Gary Bente is a Professor in the Department of Communication at Michigan State University. He is currently Editor in Chief of the Journal of Media Psychology and Co-Editor of the German Textbook on Media Psychology. His research interests cover two areas: (1) interpersonal communication including face-to-face as well as mediated interactions, and (2) emotional effects of mass media with a special emphasis on objective process measures. His current work focuses on the production and perception of nonverbal behavior across cultures and its influence on impression formation and trust. Recent work also addresses the neural mechanisms underlying nonverbal communication and person perception. His work has been published in major communication as well as cognitive science and neuroscience journals and in four authored and edited books.
Dr. Allison Eden is an assistant professor in the Department of Communication at Michigan State University. Her work focuses on understanding media enjoyment from a psychological perspective. She focuses on the role enjoyment plays in attention to and selection of media content, and more broadly the effects of entertainment on behavior and well-being. Dr. Eden’s research has been published in the Journal of Communication, Journal of Media Psychology, Media Psychology, and Mass Communication and Society, among others. She is an affiliated scholar of the Media Neuroscience Lab at UC Santa Barbara, and is a founding member of the Communication and Biology interest group at ICA.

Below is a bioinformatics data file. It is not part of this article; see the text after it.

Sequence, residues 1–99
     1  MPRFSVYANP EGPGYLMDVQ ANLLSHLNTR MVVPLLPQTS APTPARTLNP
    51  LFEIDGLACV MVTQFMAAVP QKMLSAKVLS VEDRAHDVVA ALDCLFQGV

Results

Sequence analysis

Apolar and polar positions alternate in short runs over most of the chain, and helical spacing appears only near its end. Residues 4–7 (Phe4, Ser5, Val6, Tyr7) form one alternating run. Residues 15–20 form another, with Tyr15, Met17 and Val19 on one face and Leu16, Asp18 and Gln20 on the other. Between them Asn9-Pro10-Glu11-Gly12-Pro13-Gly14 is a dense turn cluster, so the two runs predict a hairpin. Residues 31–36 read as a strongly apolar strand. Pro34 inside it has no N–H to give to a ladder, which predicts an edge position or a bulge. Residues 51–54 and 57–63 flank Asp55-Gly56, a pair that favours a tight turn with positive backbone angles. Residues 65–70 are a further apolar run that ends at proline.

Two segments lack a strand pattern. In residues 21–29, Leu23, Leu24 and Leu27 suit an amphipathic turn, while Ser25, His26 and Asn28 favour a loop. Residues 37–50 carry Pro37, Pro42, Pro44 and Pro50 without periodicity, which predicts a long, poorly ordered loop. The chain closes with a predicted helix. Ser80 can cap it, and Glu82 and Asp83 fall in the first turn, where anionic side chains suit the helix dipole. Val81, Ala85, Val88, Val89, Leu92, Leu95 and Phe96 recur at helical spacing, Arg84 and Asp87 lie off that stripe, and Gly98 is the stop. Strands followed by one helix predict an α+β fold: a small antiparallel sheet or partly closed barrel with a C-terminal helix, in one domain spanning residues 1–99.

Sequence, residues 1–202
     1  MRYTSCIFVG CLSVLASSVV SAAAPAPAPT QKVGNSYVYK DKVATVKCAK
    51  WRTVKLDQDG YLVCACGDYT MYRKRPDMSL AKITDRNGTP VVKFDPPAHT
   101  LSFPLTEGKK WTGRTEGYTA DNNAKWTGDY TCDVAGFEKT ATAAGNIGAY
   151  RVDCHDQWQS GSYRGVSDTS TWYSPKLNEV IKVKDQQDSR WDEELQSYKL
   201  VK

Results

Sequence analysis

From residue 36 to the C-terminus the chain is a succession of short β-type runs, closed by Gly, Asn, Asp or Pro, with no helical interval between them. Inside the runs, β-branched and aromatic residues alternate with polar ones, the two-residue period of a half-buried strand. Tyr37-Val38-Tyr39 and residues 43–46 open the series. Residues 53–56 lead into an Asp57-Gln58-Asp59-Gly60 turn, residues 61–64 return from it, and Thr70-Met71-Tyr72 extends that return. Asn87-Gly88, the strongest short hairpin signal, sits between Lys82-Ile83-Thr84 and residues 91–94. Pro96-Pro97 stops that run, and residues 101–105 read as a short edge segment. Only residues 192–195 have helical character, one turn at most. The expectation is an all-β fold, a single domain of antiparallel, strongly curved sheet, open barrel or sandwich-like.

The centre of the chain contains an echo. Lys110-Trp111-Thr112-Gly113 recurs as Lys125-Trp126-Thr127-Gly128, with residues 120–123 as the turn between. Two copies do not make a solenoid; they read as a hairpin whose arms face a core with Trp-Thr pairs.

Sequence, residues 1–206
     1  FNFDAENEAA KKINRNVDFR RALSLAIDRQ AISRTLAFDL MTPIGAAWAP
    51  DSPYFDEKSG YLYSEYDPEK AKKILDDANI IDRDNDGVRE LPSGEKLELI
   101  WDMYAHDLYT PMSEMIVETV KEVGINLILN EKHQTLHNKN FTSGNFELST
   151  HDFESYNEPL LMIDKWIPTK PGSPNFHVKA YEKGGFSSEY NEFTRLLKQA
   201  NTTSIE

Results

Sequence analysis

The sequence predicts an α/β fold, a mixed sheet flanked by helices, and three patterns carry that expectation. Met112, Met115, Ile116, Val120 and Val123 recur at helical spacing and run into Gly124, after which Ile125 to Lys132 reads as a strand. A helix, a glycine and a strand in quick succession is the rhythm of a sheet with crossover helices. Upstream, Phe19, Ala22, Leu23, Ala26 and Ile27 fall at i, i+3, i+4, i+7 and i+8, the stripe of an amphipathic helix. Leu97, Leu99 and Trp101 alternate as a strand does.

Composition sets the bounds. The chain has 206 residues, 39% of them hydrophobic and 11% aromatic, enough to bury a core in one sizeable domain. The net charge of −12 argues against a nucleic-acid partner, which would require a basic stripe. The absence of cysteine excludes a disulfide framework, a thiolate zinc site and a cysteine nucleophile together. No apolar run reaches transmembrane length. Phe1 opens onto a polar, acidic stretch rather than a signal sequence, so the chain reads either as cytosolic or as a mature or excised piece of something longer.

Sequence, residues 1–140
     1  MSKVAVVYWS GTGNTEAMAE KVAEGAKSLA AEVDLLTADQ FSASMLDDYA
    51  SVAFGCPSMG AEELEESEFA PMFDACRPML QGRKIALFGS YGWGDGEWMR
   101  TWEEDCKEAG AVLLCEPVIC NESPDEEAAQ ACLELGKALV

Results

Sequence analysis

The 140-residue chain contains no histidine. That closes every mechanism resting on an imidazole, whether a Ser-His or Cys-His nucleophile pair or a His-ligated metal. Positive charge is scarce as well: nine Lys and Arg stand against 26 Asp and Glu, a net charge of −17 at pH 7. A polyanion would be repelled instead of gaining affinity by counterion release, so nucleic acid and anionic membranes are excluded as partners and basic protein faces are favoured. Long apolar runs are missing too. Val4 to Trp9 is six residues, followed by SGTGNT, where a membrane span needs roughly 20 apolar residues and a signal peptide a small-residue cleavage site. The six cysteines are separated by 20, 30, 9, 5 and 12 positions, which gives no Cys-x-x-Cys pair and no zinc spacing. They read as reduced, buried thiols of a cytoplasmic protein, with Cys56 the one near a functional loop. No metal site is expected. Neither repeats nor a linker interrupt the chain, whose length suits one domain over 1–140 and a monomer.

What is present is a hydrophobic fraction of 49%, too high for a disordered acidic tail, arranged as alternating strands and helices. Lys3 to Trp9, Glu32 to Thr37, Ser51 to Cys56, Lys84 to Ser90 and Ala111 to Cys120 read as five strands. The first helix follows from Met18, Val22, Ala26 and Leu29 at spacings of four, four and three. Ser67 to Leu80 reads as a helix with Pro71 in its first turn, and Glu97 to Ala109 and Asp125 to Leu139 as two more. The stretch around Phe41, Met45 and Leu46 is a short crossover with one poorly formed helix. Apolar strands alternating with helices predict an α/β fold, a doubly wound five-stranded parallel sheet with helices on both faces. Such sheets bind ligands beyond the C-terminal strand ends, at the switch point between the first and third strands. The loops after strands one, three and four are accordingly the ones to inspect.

Michael Gazzaniga is a Professor of Psychology and the Director of the SAGE Center for the Study of Mind at the University of California Santa Barbara. Michael’s work investigating how the brain enables the mind is both foundational and inspirational to the Media Neuroscience Lab. Over the course of several decades, a major focus of Michael’s research has been an extensive study of patients that have undergone split-brain surgery and revealed lateralization of functions across the cerebral hemispheres. In addition to his numerous positions and honors, Michael is a member of the National Academy of Sciences. Michael serves as the Media Neuroscience Lab’s trusted advisor and thought leader.